Current standings see Rebellion Racing (CHE) leading the Private LM P1 category, with the winning title in their name all but guaranteed as Rebellion has a 47-point lead over their next closest rival, Strakka Racing (GBR). The LM P2 trophy title is in a similar situation, with Starworks Motorsports (USA) heading up their category with an unbeatable lead (159 points), while the second place position is up for grabs between Pecom Racing (ARG) and ADR-Delta (GBR), two teams currently tied with 129 points each.

In the LM GTE categories there are still some things to be decided. While the Pro category title has been determined pre-race, along with the LM GTE Manufacturers’ Cup, the LM GTE Am championship title is still up for the taking. AF Corse (ITA) leads the Pro category with a solid 186 points and their closest rivals are separated from one another by just one point, with Aston Martin Racing (GBR) at 116 and Team Felbermayr-Proton (DEU) at 115.  In the LM GTE Am category, Larbre Competition (FRA) is in the top position with 154 points, separated from the current second place team, Team Felbermayr-Proton (DEU), by only 20 points, ensuring tight competition for the Am championship title. In the Manufacturer category the fight for the world endurance title will more than likely go to Ferrari, currently at the top of the standings with 310 points, while Porsche will likely take second (196 points).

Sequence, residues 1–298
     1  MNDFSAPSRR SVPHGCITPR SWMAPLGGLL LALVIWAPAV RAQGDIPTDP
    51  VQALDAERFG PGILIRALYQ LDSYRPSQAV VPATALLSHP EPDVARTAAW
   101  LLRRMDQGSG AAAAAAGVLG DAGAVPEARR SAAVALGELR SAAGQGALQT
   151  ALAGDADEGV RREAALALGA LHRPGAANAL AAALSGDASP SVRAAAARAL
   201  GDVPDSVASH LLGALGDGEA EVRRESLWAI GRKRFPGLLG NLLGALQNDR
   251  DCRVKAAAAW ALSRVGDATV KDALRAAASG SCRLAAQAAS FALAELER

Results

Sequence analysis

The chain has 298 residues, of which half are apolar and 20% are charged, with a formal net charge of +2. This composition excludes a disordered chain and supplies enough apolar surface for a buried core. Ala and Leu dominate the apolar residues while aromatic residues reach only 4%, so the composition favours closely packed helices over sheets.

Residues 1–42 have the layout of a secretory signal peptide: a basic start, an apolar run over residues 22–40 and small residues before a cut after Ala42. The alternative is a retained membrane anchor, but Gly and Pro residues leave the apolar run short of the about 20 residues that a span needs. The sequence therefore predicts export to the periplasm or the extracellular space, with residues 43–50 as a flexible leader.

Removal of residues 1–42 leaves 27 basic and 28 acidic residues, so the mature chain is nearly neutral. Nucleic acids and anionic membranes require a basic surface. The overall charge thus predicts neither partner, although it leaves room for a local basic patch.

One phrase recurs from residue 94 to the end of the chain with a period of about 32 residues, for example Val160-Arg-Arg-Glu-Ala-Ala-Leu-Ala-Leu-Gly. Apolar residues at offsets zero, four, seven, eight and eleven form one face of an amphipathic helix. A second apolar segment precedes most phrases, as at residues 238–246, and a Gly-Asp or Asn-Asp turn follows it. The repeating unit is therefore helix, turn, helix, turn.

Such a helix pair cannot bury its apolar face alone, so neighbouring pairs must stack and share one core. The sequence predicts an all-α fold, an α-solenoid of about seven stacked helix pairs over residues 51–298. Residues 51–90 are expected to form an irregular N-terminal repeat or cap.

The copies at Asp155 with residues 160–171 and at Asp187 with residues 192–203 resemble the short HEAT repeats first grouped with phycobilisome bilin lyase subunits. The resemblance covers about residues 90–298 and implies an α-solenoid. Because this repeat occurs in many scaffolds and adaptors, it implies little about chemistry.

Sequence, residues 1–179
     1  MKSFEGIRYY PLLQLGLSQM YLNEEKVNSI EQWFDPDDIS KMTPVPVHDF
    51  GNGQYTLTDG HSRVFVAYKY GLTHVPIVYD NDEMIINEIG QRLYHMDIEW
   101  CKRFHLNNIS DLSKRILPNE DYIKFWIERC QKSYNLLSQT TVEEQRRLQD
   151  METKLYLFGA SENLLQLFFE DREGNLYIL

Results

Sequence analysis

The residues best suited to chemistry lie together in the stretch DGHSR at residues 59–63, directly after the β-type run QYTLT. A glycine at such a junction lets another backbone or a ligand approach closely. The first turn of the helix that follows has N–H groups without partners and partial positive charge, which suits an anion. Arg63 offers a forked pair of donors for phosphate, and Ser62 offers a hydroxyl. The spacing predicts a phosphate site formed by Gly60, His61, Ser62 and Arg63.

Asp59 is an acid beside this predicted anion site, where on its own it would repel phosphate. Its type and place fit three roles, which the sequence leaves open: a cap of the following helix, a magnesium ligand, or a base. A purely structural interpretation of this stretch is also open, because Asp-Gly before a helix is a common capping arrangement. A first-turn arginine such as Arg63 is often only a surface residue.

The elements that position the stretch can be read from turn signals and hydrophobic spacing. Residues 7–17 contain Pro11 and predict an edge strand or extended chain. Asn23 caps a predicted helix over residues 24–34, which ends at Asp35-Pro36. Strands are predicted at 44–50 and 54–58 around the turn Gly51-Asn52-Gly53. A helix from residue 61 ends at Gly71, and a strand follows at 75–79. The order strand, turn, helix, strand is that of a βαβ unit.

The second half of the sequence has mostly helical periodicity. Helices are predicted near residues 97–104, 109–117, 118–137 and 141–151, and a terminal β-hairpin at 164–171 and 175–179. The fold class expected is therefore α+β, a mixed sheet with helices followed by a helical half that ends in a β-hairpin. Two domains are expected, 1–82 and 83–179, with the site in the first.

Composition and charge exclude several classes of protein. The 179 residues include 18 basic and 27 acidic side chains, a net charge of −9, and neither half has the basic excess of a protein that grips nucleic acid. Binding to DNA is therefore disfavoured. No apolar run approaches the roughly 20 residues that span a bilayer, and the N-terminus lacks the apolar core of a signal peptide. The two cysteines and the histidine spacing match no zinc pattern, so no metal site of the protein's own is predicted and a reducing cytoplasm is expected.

Having come full circle, the FIA WEC series now comes to a close in Shanghai, China’s economic capital, where participating teams will partake in the final showdown to determine this year’s world endurance champions. All of the action for the WEC finale will take place at Shanghai International Circuit in the Jiading District of Shanghai. Completed in 2004, this track is widely known as the main Chinese hub for Grand Prix racing, and the 6 Hours of Shanghai represents the arrival of a new kind of competition at this famed location: endurance racing.